You are all quite familiar by now with this powerfur scrutinizer of our society, media and politics, Prof. Renford Reese. You can find on our Afro-American Perspectives page most of his contributions to this blog. This time, as he did with the film Django and even more powerfully, he analyses the Movie “12 years a Slave” in the light of his inner knowledge of “Black America” and his experience of the black youth in prison. I was able, thanks to him to talk to the Norco Prison inmates and do share his vision and wish to open the eyes of our society which, in too many respects is in a total denial of reality. Using fiction to open our eyes is the immense contribution of Renford in this paper. I will see it next week as soon as it’s released and this is an invitation to my Geneva friends who have the patience to see me shed my usual emotional (and frustration) tears to get ready!

Los Angeles Daily News/Pasadena Star News
Guest Columnist:  Renford Reese, Ph.D.
October 28, 2013

“12 Years a Slave” is the most important film since Roots on the subject of slavery. This Oscar-worthy film is unrelenting in its brutality and gruesomeness. It is a horror film based on the true story of Solomon Northup, a free-born black man who was drugged, kidnapped, and forced into slavery for 12 painful years. Northup was a successful violinist who lived in Saratoga Springs, New York with his wife and children.  He was captured in 1841 and regained his freedom in 1853.  Northup, brilliantly played by Chiwetel Ejiofor, was well-educated, played his violin at many well-known hotels, and worked in construction and carpentry before his capture.

I saw the movie early in its release and did not know what to expect.  After 10 minutes, I found myself trapped.  The indescribable brutality and callousness had me wanting to leave the theatre on multiple occasions.  However, I knew I needed to endure the rawness of the film in order to tell others of its importance.

The film is important because rarely has Hollywood captured historic reality in such a profound way.  The industry generally favors stories of entertainment value over all else. Quentin Tarantino’s “Django Unchained” was a gruesome but entertaining depiction of slavery in which Django, played by Jamie Foxx, outsmarts and out-guns white slave owners and rides into the sunset victoriously–that is Hollywood, not historic reality.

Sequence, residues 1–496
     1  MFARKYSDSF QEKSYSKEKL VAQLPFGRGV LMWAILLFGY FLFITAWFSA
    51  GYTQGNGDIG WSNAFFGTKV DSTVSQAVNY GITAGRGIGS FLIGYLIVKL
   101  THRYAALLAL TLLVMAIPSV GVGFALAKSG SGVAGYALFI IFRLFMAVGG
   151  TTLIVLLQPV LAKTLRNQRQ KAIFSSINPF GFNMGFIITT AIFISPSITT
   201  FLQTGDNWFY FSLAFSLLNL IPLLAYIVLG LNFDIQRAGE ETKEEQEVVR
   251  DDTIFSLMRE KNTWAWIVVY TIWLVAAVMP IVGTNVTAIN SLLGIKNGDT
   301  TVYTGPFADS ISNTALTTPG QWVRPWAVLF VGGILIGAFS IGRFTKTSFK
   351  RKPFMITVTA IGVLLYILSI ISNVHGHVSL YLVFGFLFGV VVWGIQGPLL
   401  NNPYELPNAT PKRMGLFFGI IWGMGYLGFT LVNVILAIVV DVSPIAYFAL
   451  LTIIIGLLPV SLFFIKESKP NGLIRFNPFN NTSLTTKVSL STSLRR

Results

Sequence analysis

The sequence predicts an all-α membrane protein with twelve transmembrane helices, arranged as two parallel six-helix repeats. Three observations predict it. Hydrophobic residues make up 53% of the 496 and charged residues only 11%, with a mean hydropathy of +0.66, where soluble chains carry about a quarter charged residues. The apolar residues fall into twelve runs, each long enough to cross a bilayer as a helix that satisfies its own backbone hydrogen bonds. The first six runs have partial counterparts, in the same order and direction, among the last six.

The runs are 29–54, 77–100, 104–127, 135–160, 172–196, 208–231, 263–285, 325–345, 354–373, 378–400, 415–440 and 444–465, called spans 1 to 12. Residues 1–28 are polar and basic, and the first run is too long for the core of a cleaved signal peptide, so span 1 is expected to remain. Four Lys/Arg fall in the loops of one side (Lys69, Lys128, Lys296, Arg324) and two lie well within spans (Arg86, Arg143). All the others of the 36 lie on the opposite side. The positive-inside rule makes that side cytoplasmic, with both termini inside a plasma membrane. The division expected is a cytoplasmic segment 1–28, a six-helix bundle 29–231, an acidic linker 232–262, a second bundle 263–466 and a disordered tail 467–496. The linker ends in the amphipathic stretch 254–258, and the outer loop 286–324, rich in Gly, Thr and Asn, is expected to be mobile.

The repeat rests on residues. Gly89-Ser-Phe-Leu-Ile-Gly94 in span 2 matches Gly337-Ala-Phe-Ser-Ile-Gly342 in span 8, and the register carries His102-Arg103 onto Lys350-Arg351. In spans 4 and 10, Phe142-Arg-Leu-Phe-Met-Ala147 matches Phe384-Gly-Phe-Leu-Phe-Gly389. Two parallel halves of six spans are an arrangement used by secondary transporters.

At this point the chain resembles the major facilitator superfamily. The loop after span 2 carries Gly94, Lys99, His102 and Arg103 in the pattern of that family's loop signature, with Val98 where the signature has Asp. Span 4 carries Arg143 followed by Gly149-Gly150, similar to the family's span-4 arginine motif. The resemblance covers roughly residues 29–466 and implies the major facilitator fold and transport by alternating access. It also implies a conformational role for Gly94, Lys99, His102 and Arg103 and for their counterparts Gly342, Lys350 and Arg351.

Roots was a television mini-series that captured the grisly inhumanity of slavery.  The most memorable scene in the film was when the overseer beat Kunte Kinte into saying his slave name (Toby).  Those of us who have seen Roots know the pain we felt in watching this scene.  But in Roots, the audience had the chance to see other non-brutal facets of slave life.Reese, Renford15

In watching “12 Years a Slave,” there is no chance for you to escape the brutality of slave life.  There is no chance to take a break from the verbal abuse, beatings, rapes, contradictions, and sheer evil of the institution.  The brilliance of this film is in its ability to grip you from the beginning to the end and put you in that dehumanizing place and time. It puts you in the shackles of a once-free man and forces you to live his tragic story one brutal beating at a time.

This film is important because it gives us the capacity to examine the ubiquitous divisions in our nation today. We see the genesis of an “Us” vs. “Them” mindset and the legacy of racial hate, bigotry, and social injustice.

For African Americans, “12 Years a Slave” is important because it shows us why we have been locked in an identity crisis in this country since the Middle Passage.  We see it in our youth who join gangs and kill each other over colors they wear and for protecting `turf’ that they do not own. We see it in the over 50 percent dropout rates among young black men in our inner-city schools. Some 70 percent of black children are born out of wedlock. We also see this identity crisis in a number of other social ills plaguing the black community.

As the founder/director of the Prison Education Project, the biggest prison education program in the U.S., I could not help but see the striking similarities between “12 Years a Slave” and today’s prison industrial complex.  Young black men are six times more likely to be incarcerated for the same crime as their white counterparts.  Mandatory minimum sentencing, the “Three Strikes Law,” and a myriad of drug laws that evolved from the failed “War on Drugs” have resulted in a disproportionate number of black men serving an array disproportionate sentences. As in 1841, America has embraced noble principles but ignoble practices.

“12 Years a Slave” is important to watch in order for us to begin to empathize with the victims of social injustice in this nation. This film should inspire Americans to match our practices with our principles. The film should inspire all of us to confront our past and to examine our policies and behavior in the present and the future.

Renford Reese, Ph.D. is a political science professor at Cal Poly Pomona. He is the author of five books and the founder/director of the Prison Education Project:

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